The contrabassophone is a woodwind instrument, invented about 1847 by German bassoon maker Heinrich Joseph Haseneier. It was intended as a substitute for the contrabassoon, which at that time was an unsatisfactory instrument, with a muffled sound due to tone holes that were too small and too close together. Haseneier's design made use of some of the same principles that went into the Boehm system flute, in which keywork was developed based on tone holes with acoustically optimum sizes and positions. The contrabassophone's bore was substantially larger (by about a third) than that of the contrabassoon, and the result was an instrument with a powerful tone. Indeed, it was regarded as too loud for orchestral use, though it was suitable for outdoor use in military bands. Dr W.H. Stone brought a Haseneier instrument to England playing it in performances of the Handel Festival of 1871. Alfred Morton, the best English bassoon maker of the time made 3 or 4 copies of this instrument some of which included improvements in the keywork. In 1881, Morton's eldest son played one of these instrument with the Halle Orchestra. He also played it at the Crystal Palace, at Richter's concerts and at the opera. Morton made one of a higher pitch (in F) for Sir Arthur Sullivan for use in the Savoy Theatre. Following Sullivan's death, this instrument disappeared. Many other European makers produced copies of the contrabassophone, including a lightweight version made of papier-mâché.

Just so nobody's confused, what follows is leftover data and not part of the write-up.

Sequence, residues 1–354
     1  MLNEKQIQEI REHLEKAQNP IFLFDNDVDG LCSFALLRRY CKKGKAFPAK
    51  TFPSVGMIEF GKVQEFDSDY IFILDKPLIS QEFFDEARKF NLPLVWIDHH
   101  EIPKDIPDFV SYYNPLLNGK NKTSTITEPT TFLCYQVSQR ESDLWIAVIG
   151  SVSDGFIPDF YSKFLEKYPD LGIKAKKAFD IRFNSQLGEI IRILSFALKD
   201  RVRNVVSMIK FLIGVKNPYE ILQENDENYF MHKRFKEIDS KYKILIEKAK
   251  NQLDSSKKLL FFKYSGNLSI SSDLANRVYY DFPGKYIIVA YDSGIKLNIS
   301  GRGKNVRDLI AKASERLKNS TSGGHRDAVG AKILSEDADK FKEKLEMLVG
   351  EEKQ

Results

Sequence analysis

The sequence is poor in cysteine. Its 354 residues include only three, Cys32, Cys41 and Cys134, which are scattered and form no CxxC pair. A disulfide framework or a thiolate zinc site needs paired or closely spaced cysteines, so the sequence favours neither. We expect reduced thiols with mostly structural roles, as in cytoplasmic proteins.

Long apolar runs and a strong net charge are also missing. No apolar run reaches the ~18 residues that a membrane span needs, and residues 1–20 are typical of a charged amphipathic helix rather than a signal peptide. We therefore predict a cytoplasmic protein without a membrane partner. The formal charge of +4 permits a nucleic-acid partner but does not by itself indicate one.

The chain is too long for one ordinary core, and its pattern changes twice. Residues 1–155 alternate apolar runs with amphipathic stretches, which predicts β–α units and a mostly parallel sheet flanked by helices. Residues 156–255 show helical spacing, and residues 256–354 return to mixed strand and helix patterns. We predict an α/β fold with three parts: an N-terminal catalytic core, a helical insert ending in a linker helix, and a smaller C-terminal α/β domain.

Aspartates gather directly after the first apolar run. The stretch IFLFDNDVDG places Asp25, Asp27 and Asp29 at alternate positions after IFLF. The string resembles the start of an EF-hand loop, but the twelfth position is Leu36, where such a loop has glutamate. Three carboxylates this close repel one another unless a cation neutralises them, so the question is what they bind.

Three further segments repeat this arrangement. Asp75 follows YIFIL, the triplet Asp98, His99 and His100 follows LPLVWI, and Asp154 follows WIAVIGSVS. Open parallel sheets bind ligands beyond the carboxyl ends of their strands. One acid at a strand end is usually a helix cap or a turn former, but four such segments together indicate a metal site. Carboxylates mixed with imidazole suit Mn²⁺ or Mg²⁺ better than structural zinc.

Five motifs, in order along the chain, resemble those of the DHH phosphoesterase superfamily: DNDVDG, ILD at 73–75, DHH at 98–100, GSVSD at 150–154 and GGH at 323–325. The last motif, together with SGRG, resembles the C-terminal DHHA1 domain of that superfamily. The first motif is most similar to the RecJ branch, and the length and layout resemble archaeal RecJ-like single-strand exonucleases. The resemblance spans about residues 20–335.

Adolphe Fontaine-Besson patented a similar instrument in 1890 but allowed the patent to lapse in 1898. By this time the contrabassophone had been largely superseded by improved versions of the contrabassoon for orchestral use, and by the tuba in wind bands.
An instrument like those that Morton made has a range of three octaves and one tone from a low C to a high D. The fingerings are like a recorder to some degree, with a number of chromatic notes played with forked fingerings, making it quite difficult to play in keys with three or more accidentals. This could have been one of the reasons that the instrument was not played in English orchestras by the late part of the nineteenth century, instead being played in military bands such as the Coldstream, the Grenadier and the Scots Guards.